Welcome to the LitCharts study guide on Plato's Apology. Created by the original team behind SparkNotes, LitCharts are the world's best literature guides.
Apology: Plot Summary
Apology: Detailed Summary & Analysis
Apology: Theme Wheel
Brief Biography of Plato
Historical Context of Apology
Other Books Related to Apology
- Full Title: Apology
- Where Written: Ancient Greece
- When Published: Sometime in the decade proceeding Socrates’s trial in 399 BC.
- Literary Period: Ancient Greek Philosophy
- Genre: Philosophy, Philosophical Dialogue, Fiction
- Setting: Athens, Greece in 399 BC
- Climax: Having made his defense, Socrates is sentenced to death.
- Antagonist: Meletus
- Point of View: Although Socrates speaks in the first-person for the vast majority of Apology, the document is technically presented as a dialogic transcript.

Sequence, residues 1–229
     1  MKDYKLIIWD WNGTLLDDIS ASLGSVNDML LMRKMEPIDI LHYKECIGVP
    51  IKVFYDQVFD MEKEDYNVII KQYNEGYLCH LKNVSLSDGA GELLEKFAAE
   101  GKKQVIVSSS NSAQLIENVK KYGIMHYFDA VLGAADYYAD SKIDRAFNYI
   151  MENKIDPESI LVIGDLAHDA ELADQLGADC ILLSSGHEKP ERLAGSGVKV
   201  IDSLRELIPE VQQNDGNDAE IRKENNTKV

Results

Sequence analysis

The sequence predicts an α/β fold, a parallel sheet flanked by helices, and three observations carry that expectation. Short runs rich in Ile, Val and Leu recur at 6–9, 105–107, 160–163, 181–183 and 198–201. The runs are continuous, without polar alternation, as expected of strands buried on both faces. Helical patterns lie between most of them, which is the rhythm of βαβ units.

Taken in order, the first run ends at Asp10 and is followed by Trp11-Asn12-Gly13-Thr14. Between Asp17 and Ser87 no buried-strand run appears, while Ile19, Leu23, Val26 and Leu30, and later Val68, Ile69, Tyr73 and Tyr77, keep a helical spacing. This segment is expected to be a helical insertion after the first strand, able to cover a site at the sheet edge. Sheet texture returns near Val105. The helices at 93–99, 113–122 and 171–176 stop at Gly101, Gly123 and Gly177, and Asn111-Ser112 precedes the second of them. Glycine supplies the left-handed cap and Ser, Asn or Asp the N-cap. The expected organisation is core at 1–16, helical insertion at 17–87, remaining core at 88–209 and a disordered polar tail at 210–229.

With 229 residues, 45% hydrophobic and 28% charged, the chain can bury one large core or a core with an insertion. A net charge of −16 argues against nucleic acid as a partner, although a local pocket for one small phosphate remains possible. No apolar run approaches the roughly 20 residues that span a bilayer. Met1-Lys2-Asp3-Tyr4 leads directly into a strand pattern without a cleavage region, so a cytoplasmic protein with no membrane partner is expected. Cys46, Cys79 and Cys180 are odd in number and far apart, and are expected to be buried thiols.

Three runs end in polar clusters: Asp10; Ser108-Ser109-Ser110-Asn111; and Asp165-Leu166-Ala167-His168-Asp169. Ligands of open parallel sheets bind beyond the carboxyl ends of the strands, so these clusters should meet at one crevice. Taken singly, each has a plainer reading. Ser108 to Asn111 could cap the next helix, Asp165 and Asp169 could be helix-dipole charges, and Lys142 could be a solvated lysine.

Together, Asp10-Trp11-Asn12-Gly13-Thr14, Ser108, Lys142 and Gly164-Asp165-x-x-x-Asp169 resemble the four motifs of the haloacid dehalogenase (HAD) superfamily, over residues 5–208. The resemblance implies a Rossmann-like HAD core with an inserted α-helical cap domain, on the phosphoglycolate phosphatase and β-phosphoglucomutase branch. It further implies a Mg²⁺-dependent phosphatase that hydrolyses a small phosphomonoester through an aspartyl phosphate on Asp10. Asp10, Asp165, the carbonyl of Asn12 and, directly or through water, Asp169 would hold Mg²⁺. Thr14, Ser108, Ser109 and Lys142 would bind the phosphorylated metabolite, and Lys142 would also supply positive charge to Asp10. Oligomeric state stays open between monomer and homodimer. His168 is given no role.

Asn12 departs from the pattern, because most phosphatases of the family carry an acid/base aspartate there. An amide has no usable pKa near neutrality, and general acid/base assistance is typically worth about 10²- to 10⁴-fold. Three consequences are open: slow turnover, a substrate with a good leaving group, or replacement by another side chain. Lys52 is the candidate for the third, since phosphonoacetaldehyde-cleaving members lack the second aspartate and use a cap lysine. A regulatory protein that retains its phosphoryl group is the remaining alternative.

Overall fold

Extra Credit for Apology
Socrates & Democracy. Experts debate whether or not Socrates believed in democracy, since he disparages the system in Plato’s The Republic but apparently respects it in Apology. Citing the fact that Plato—who was himself deeply critical of democracy—wrote The Republic long after Socrates died, many uphold that the text is not an accurate reflection of the man’s political beliefs, ultimately suggesting that Socrates’ attitude toward democracy in Apology is probably the more authentic portrayal of his views.
Influence on Christianity. In addition to Aristotle, Plato taught people like Plotinus and Proclus, Neoplatonists who developed his ideas and eventually laid the groundwork for early Christian thinkers like Saint Augustine.